". The marriage of the human form and a specific image creates a very interesting dynamic that works well here in Goldfinger.
Again we see a very subdued typeface selection here, this time the type is set in News Gothic. A very robust, heavily used typeface it serves much the same function as the original type pairing, functionality in the face of chaos and constantly shifting images and sound. This typeface however has slightly more character than the previous one. It has a taller, slimmer profile. It evokes a slightly more sleek, stylish feeling that reflects the Bond that had been evolving over the past few films. This typeface reflects the more confident exploration of Bond as an icon of style and elegance that really attracted viewers to the character well above what was described in the original novels.
The World is Not Enough 1999, Starring Pierce Brosnan, Robert Carlyle, and Denise Richards (really?)
From the best, to the worst. The World is Not Enough is arguably (but not really) the worst of the Bond films and the title design reflects this entirely. Swimming goo envelops the screen and models and hit the tone of the film way to hard on the nail. It is similar to Goldfinger with the ambiance of the film being draped in the key material of the film, then gold, this time, crude oil and refined gasoline. Where in Goldfinger it was an excellent subtle support to the visual style this goes way too far and just drags the whole feeling of the sequence into a kitschy relic. The custom typeface design also goes too far with a metallic overlay and a heavily slanted italic style font being as subtle as a shotgun blast.
The secondary type holds up as well as a straw hut in a tornado. Serious contrast issues can't even be rescued by, do I detect a drop shadow? While this is a return to the classic sans-serif support style utility font it feels as thought out as the rest of the visuals in this tableau. Design is in the details and this is an excellent example of why that is important.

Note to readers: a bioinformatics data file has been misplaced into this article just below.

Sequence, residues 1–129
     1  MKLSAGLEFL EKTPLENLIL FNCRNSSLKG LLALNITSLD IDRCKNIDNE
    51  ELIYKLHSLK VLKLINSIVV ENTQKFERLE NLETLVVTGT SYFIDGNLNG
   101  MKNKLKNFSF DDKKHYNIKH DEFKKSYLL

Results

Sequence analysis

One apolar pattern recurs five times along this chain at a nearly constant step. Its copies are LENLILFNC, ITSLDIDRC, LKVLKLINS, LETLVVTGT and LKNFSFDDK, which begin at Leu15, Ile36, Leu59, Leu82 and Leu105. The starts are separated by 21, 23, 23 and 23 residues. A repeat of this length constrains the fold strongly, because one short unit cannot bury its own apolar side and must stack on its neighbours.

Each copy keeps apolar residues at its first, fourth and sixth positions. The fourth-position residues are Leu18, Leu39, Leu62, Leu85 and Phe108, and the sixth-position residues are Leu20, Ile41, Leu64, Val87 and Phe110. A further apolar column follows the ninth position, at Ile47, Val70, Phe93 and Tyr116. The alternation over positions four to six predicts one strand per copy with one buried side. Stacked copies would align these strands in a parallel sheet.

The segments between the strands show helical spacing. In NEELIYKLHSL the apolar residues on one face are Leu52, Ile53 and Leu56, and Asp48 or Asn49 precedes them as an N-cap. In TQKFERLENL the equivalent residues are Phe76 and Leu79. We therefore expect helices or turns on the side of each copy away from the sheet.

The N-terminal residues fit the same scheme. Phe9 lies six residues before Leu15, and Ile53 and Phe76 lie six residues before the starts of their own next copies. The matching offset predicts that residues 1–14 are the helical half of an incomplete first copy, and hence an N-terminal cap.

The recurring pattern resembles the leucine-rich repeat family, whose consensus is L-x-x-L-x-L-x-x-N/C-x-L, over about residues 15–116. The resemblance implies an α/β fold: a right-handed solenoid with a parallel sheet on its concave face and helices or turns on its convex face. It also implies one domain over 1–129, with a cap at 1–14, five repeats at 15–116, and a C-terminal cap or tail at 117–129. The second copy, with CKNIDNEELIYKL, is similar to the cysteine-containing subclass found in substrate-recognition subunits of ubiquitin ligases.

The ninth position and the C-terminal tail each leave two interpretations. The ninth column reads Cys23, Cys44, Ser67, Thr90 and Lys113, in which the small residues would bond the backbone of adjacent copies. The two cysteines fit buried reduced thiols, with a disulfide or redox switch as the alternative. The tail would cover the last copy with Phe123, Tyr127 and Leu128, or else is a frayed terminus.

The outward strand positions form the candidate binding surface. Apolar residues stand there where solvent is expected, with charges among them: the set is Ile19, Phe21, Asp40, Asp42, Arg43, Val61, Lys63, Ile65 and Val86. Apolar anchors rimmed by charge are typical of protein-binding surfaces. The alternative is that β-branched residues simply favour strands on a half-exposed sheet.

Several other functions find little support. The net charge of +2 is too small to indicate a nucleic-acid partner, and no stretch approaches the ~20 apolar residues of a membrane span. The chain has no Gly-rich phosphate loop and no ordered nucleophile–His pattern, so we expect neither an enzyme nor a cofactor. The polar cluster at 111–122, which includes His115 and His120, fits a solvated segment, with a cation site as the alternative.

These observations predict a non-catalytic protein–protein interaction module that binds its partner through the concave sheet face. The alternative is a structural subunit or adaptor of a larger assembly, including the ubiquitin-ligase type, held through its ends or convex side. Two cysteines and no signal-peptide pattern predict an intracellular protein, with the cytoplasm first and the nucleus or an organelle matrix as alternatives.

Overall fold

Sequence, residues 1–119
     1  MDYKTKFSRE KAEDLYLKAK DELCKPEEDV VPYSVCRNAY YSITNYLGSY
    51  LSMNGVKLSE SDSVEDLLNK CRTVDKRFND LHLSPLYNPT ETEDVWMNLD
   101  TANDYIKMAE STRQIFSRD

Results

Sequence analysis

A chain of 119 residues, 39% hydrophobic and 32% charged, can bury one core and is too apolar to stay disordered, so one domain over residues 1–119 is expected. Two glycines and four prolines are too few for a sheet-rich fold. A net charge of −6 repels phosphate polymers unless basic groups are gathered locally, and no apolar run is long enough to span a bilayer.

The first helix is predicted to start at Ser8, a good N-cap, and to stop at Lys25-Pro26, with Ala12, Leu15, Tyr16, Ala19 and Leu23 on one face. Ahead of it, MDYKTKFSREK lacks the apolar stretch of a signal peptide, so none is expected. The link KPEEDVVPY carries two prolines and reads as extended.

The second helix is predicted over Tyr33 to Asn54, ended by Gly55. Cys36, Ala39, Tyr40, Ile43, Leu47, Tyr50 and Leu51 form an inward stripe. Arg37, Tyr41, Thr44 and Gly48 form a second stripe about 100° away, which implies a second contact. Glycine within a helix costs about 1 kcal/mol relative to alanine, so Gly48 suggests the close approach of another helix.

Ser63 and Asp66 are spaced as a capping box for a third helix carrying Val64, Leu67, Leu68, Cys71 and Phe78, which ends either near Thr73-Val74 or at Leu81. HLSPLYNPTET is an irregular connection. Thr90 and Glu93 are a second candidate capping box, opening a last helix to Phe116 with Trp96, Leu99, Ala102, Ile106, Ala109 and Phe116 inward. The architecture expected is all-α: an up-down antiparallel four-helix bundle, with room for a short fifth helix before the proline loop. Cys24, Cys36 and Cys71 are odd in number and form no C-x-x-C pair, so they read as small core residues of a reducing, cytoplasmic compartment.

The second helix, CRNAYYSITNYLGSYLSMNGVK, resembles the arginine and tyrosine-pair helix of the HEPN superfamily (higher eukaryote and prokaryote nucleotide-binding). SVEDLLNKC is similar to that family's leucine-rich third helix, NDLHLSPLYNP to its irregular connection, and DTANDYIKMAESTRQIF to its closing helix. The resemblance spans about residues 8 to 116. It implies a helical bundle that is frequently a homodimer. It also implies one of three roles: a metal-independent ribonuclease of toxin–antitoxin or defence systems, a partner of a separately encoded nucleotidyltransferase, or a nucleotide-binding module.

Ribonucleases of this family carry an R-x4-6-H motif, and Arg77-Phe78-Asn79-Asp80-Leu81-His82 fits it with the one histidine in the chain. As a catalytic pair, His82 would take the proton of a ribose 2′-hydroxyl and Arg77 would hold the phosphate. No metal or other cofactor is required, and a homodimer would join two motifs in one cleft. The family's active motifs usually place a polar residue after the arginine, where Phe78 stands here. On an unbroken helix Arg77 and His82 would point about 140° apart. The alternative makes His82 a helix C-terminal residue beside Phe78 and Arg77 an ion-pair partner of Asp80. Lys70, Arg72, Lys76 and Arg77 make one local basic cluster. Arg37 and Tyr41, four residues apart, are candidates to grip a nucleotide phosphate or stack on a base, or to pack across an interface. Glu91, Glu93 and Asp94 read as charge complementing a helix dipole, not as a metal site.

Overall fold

Skyfall 2012, Starring Daniel Craig, Javier Bardem and Naomie Harris
The newest entry in the series, Skyfall was in my mind a stunning visual masterpiece. More of an art piece than an action romp of the past movies this film represented a darker more introspective examination of James Bond. The title sequence supports this motif in a nearly heavy-handed way but manages to pull it off by never letting up. The camera constantly pushes further and further into the damaged psyche of Agent 007 and the man within.
My distaste of the typeface Futura is well documented, but I have to relent and commend the designer for using it appropriately to display the cast and crew of the film. It's hard edges, geometric shape and angles represent the darker, harder tone of the new films perfectly. This Bond is back to basics and Futura is just that as well, circles and lines are the very clear basis of this typeface. It's a skeleton and that couldn't be a more fitting metaphor for Bond in this film. To conclude the visuals of the title sequences may represent the themes and style of the film they are designed for it seems clear that the typeface represents Bond himself. The man is in the words. Next time we examine the smaller screen and explore type design in television.